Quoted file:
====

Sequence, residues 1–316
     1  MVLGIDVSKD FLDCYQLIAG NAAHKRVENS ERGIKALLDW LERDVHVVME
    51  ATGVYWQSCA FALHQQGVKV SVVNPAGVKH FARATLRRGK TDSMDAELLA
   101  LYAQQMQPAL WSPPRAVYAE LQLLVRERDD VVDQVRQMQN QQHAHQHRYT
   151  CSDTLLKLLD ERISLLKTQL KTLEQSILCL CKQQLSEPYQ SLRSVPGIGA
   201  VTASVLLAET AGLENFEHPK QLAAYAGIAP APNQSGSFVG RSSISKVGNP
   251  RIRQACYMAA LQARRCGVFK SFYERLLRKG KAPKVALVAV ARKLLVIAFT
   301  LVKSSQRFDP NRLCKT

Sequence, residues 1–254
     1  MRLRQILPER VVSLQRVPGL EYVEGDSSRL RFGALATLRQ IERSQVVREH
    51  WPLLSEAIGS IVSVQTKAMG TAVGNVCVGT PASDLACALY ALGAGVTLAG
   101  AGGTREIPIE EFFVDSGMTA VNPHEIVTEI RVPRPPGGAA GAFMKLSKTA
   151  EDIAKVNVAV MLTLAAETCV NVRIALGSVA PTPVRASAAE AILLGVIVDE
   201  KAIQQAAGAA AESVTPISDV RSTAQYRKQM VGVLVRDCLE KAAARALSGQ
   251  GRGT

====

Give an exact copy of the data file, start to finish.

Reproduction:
Sequence, residues 1–316
     1  MVLGIDVSKD FLDCYQLIAG NAAHKRVENS ERGIKALLDW LERDVHVVME
    51  ATGVYWQSCA FALHQQGVKV SVVNPAGVKH FARATLRRGK TDSMDAELLA
   101  LYAQQMQPAL WSPPRAVYAE LQLLVRERDD VVDQVRQMQN QQHAHQHRYT
   151  CSDTLLKLLD ERISLLKTQL KTLEQSILCL CKQQLSEPYQ SLRSVPGIGA
   201  VTASVLLAET AGLENFEHPK QLAAYAGIAP APNQSGSFVG RSSISKVGNP
   251  RIRQACYMAA LQARRCGVFK SFYERLLRKG KAPKVALVAV ARKLLVIAFT
   301  LVKSSQRFDP NRLCKT

Sequence, residues 1–254
     1  MRLRQILPER VVSLQRVPGL EYVEGDSSRL RFGALATLRQ IERSQVVREH
    51  WPLLSEAIGS IVSVQTKAMG TAVGNVCVGT PASDLACALY ALGAGVTLAG
   101  AGGTREIPIE EFFVDSGMTA VNPHEIVTEI RVPRPPGGAA GAFMKLSKTA
   151  EDIAKVNVAV MLTLAAETCV NVRIALGSVA PTPVRASAAE AILLGVIVDE
   201  KAIQQAAGAA AESVTPISDV RSTAQYRKQM VGVLVRDCLE KAAARALSGQ
   251  GRGT